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Recent posts by Liz Daehnke

Iowa couple recognized with Citizenship Award

Mark Tjelmeland’s interest in conservation can be traced back to his childhood when his mother taught him about topsoil, subsoil, and why topsoil depth differed between locations on his family’s farm. Through school and experiences like these, Mark has been committed to conservation and climate efforts ever since.

He and his wife, Connie, have been farming for almost four decades, and haven’t been afraid to try new things in their operation. Over the years, they have prioritized natural resources and building their climate resiliency through various conservation practices.

Agriculture is more than a business for first-year farmer

Though growing up in Lomé, the capital of Togo, West Africa, meant farm life was unfamiliar to Irene Atayi, it didn’t stop her from developing a love of growing plants.

As a child, she gained experience year by year while helping her mother in the garden by building beds, planting, and harvesting. After Irene got her own place, she started container gardening on her patio and also set up a hydroponic system indoors.

Community development comes first for award recipient

Each year, the Bob Steffen Pioneer Award is bestowed by the Center for Rural Affairs to a person who works to make extraordinary contributions in building community engagement within their own communities. People who receive this award provide a model for innovation, stewardship, or community development.

Few people exist who show more passion for or work harder toward those goals than Hank Miller.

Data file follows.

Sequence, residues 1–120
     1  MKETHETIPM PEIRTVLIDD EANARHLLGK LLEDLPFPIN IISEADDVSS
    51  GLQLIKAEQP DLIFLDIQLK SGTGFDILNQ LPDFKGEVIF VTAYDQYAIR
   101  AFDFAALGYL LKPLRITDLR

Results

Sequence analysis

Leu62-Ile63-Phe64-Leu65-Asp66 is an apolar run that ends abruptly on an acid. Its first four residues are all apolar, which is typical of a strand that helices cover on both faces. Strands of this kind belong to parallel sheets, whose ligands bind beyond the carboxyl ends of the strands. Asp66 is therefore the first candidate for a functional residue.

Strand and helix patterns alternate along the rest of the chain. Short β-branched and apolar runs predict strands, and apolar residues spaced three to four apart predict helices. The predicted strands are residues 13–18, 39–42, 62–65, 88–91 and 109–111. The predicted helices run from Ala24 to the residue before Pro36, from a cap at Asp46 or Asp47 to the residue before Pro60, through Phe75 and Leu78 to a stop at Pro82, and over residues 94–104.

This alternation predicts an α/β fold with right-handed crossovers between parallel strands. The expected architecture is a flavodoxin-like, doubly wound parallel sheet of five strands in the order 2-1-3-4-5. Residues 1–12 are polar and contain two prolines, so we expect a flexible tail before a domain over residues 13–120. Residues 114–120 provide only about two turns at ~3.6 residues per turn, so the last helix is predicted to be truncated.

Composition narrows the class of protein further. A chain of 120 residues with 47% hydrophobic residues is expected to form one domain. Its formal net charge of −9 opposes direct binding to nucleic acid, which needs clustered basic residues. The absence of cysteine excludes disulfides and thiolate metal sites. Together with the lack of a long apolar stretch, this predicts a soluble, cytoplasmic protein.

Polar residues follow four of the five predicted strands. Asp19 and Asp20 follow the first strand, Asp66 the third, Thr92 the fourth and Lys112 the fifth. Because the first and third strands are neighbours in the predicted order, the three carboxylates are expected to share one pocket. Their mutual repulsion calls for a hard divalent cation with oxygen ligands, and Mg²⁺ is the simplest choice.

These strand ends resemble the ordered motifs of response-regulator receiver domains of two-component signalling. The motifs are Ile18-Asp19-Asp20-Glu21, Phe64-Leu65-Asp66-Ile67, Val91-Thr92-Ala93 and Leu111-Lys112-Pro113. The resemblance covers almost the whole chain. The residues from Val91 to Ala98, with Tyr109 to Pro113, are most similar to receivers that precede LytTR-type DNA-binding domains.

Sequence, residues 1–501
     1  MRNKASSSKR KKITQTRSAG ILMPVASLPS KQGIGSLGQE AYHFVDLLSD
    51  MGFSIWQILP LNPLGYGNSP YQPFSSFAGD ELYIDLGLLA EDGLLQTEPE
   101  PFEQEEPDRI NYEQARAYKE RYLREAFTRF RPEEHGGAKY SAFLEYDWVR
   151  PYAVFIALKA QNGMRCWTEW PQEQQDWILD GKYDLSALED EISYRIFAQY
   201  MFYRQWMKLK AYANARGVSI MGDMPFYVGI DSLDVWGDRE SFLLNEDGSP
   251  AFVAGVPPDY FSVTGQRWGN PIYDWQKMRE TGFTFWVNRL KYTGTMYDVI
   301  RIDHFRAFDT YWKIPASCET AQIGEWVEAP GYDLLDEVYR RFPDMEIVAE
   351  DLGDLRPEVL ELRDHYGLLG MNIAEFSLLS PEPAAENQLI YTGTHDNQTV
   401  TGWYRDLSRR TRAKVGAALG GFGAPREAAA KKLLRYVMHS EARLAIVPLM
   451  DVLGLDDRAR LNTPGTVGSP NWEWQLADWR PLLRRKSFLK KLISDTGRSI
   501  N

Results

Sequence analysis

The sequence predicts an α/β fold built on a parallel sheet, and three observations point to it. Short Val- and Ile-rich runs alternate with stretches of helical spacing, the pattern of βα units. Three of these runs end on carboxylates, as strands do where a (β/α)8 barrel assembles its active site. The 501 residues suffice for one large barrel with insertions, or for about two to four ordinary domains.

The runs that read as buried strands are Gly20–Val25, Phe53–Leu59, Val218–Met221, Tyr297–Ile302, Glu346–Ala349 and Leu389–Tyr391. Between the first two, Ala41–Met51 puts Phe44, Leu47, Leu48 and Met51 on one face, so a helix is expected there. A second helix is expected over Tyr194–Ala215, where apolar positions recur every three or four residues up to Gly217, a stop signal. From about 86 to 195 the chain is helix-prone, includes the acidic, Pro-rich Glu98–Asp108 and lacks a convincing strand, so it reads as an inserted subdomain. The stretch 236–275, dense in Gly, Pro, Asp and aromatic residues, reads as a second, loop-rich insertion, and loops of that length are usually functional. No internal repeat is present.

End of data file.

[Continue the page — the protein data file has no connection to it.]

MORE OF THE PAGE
Schuyler entrepreneur receives REAP award

From an early age, Yomara Hernandez helped her mother make fabric flowers for bridal bouquets, and decorations for weddings with natural and artificial flowers. Her mother used to sell them as complete sets, and now Yomara makes her living selling flowers, too.

Owner of Florist Angel’s in Schuyler, Nebraska, Yomara began selling floral arrangements to friends out of her garage which has now grown into a full-fledged business.

Stories of rural resiliency: rural grocers commit to customers during COVID-19

Before the days of quarantine and self-isolation, many people left their small communities to purchase their groceries. Consumers may not have known what their rural grocery offers, and may not have been getting as much bang for their buck. Instead, they were considering convenience, product availability, competitive pricing, or additional services.

Sandra Renner, farm and community director with the Center for Rural Affairs, talks about what rural grocery stores are now facing, due to COVID-19.

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